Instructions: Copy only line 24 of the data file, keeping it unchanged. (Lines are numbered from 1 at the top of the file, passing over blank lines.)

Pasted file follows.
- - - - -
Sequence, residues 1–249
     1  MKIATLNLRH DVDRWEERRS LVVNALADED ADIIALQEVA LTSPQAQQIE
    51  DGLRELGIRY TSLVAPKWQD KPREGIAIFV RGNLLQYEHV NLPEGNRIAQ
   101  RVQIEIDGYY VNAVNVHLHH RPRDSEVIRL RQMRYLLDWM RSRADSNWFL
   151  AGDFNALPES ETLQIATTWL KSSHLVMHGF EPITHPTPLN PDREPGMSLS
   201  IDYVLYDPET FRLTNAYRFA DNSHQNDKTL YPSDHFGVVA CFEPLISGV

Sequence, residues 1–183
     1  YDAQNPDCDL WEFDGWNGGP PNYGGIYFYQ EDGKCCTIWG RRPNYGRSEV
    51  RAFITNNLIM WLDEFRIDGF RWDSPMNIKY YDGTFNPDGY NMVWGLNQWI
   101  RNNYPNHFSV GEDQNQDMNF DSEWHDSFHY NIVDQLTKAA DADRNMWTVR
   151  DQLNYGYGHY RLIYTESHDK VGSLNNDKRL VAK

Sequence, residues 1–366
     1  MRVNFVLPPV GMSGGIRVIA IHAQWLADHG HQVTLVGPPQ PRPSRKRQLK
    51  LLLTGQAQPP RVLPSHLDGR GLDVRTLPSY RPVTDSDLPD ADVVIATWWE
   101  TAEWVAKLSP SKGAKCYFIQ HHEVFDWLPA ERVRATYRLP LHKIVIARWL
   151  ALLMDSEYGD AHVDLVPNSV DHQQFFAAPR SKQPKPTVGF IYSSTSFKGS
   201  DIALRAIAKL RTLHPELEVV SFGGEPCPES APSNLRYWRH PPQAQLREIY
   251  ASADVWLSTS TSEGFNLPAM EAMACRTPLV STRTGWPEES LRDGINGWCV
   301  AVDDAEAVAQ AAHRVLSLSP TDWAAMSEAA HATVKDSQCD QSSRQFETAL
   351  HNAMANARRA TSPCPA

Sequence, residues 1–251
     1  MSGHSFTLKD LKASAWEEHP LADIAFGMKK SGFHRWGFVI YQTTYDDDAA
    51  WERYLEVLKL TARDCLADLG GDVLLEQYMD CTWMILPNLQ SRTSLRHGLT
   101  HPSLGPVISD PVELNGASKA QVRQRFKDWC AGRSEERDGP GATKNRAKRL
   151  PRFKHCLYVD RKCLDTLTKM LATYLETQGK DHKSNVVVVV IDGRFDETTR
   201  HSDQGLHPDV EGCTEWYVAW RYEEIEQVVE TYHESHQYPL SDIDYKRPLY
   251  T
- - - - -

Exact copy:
   101  HPSLGPVISD PVELNGASKA QVRQRFKDWC AGRSEERDGP GATKNRAKRL